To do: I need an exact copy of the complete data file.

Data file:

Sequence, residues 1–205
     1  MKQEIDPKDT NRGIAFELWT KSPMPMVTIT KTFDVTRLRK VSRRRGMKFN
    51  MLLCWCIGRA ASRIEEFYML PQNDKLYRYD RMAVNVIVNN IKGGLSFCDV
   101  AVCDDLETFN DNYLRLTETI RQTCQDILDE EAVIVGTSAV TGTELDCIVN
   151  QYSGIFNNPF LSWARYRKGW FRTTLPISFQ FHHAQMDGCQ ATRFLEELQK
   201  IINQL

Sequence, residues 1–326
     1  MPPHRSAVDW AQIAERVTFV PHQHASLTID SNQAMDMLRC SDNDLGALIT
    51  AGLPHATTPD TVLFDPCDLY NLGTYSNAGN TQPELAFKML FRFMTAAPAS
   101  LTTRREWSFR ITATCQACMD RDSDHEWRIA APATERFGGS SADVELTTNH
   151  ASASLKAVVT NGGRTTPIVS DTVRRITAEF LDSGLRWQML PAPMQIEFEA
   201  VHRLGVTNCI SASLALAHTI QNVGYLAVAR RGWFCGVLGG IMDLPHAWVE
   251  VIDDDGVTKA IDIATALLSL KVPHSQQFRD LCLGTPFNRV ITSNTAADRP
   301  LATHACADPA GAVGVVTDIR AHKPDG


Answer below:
Sequence, residues 1–205
     1  MKQEIDPKDT NRGIAFELWT KSPMPMVTIT KTFDVTRLRK VSRRRGMKFN
    51  MLLCWCIGRA ASRIEEFYML PQNDKLYRYD RMAVNVIVNN IKGGLSFCDV
   101  AVCDDLETFN DNYLRLTETI RQTCQDILDE EAVIVGTSAV TGTELDCIVN
   151  QYSGIFNNPF LSWARYRKGW FRTTLPISFQ FHHAQMDGCQ ATRFLEELQK
   201  IINQL

Sequence, residues 1–326
     1  MPPHRSAVDW AQIAERVTFV PHQHASLTID SNQAMDMLRC SDNDLGALIT
    51  AGLPHATTPD TVLFDPCDLY NLGTYSNAGN TQPELAFKML FRFMTAAPAS
   101  LTTRREWSFR ITATCQACMD RDSDHEWRIA APATERFGGS SADVELTTNH
   151  ASASLKAVVT NGGRTTPIVS DTVRRITAEF LDSGLRWQML PAPMQIEFEA
   201  VHRLGVTNCI SASLALAHTI QNVGYLAVAR RGWFCGVLGG IMDLPHAWVE
   251  VIDDDGVTKA IDIATALLSL KVPHSQQFRD LCLGTPFNRV ITSNTAADRP
   301  LATHACADPA GAVGVVTDIR AHKPDG